Linklaters ‘could face litigation’ over explosive Lehman report

All bets are off as Lehman administrators PwC examine implications of Valukas findings

Linklaters could find itself the subject of litigation from creditors of Lehman Brothers after it emerged that the bank had misused an opinion from the firm to tidy up its balance sheet before its collapse in September 2008.

Last week a report into the bank’s demise found that Lehman had used an advice letter written by Linklaters, which was intended specifically for use with reference to the bank’s UK and EU subsidiaries, to keep up to $50bn (£33.24bn) of debt off its US balance sheet.

While there was no suggestion in the report, written by Jenner & Block chairman Anton Valukas, that Linklaters had acted illegally, the bank’s actions have left the firm open to being sued by aggressive US creditors for aiding and abetting ­securities fraud.

“They [Linklaters] have exposed themselves to ­litigation, as the administrators to Lehman or a ­creditor might think they have a claim,” said a source at risk management ­consultancy Kroll.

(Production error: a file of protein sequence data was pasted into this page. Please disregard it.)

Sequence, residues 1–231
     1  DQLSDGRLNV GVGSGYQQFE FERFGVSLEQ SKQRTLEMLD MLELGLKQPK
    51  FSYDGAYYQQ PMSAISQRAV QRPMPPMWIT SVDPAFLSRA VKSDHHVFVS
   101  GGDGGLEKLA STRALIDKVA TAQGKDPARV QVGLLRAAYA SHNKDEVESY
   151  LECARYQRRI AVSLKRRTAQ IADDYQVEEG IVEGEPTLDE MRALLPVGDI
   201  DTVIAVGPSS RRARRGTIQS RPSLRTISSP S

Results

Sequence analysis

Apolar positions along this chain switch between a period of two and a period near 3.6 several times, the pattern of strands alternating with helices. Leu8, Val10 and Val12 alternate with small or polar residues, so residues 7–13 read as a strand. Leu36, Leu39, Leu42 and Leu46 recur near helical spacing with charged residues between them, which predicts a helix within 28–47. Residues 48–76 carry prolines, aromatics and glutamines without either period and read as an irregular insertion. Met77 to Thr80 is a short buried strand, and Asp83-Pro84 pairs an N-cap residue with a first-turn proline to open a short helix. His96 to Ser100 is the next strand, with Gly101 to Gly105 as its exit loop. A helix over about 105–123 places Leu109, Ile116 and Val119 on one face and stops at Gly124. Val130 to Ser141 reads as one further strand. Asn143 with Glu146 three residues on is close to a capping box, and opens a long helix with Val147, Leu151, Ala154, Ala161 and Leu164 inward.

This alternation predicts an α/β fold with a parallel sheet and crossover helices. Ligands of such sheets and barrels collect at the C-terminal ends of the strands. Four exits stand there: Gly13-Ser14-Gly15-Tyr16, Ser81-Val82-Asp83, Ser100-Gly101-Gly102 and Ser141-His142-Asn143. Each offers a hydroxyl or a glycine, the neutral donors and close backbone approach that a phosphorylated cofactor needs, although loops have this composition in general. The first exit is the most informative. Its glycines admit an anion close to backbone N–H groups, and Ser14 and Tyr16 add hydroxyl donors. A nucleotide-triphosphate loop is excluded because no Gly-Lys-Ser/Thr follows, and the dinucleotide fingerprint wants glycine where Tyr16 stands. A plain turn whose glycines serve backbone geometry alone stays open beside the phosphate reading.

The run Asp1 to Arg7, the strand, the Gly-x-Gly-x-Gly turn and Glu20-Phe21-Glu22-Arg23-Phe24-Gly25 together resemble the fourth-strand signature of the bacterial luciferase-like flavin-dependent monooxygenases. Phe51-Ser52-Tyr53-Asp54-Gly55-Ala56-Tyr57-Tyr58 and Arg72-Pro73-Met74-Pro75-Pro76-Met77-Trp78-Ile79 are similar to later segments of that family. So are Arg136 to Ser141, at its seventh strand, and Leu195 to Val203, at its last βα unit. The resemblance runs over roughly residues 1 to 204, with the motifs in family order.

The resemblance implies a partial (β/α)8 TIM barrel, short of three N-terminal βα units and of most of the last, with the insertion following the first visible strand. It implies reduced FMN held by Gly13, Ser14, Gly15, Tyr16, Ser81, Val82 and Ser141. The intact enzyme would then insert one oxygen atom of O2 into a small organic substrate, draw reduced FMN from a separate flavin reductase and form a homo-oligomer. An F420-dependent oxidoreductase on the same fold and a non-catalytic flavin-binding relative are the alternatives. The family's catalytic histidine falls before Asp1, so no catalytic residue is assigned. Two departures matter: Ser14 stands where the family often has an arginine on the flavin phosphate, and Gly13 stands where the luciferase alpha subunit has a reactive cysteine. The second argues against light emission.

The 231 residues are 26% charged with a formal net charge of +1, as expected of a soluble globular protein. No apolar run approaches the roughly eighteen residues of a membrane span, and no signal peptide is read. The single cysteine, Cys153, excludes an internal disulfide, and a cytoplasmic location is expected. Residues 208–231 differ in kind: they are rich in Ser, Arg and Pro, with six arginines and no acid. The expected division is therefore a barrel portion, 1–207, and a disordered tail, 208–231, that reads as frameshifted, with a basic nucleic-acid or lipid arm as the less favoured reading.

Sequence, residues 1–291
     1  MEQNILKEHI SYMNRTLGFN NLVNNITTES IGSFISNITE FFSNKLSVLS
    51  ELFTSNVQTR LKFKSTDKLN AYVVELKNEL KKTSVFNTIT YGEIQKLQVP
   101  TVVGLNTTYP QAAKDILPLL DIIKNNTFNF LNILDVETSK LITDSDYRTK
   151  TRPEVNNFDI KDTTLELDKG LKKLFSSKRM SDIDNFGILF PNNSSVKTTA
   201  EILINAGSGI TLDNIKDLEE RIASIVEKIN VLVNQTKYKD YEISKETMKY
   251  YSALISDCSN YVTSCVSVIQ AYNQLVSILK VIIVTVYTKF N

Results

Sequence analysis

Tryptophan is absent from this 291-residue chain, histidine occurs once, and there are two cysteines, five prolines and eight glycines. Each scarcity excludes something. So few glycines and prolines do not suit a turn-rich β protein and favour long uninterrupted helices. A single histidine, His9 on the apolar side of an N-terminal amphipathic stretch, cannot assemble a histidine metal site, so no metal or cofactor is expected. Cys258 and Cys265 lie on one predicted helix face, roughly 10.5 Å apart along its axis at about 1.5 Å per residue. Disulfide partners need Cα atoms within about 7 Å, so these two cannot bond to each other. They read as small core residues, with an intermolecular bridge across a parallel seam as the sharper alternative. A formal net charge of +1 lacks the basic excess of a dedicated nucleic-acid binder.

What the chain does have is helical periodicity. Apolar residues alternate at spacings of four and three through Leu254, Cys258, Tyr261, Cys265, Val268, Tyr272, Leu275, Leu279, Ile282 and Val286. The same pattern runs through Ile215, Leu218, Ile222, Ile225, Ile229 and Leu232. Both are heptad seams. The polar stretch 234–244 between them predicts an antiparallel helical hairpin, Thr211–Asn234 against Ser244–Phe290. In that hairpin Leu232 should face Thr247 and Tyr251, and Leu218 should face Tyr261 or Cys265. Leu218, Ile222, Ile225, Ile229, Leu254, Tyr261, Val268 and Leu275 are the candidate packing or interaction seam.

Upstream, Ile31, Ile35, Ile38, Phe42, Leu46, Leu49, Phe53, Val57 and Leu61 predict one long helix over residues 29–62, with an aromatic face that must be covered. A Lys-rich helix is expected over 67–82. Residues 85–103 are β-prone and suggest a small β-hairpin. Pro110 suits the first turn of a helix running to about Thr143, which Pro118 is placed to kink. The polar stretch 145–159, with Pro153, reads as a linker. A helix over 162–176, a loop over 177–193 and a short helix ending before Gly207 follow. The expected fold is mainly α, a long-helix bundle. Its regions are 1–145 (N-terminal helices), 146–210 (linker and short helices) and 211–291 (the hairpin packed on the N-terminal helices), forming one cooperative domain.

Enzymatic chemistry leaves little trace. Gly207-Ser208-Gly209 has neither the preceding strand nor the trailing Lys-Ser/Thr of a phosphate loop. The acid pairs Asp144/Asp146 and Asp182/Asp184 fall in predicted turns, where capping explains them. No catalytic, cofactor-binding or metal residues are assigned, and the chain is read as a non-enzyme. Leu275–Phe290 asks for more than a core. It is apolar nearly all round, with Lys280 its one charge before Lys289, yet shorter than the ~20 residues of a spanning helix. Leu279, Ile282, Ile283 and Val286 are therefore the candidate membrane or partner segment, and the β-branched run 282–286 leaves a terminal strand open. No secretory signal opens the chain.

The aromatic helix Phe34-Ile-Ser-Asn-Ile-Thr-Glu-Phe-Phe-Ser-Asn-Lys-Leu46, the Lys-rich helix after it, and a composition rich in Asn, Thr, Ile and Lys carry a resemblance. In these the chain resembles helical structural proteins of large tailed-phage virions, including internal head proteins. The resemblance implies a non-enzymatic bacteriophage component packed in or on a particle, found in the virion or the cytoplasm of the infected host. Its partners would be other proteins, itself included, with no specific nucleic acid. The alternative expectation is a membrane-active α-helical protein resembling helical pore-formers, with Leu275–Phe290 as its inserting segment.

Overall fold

PricewaterhouseCoopers (PwC) partners Tony Lomas and Dan Schwarzmann are Lehman’s joint administrators in the UK and have been advised by Linklaters since being appointed in 2008.

While PwC declined to comment specifically on how the report will affect its relationship with the magic circle firm, the accountancy firm did confirm that it was weighing up its options.

“The administrators are currently undertaking a detailed review of the 2,200-page report to ascertain what, if any, actions need to be taken as a consequence of the findings,” a PwC spokesman said. “At this stage it’s far too early to form a view on what they might be.”

That said, the general counsel at a leading City firm agreed with the Kroll source that Linklaters is likely to be sued.

“They’ll get sued – quite wrongly – but they will get sued,” the partner insisted.

If that happens it could have alarming consequences for Linklaters, according to a leading ­professional negligence silk. “The trouble is, the sums involved are huge because this [was a factor] in ­precipitating the collapse of Lehman,” he said. “It would be over their professional indemnity limit, so partners would want to settle.”

Linklaters defended itself in a statement, which said: “The US examiner’s report into the failure of Lehman Brothers includes references to English Law opinions which Linklaters gave in relation to a number of Lehman transactions. We’ve reviewed the opinions and are not aware of any facts or circumstances which would justify any criticism.”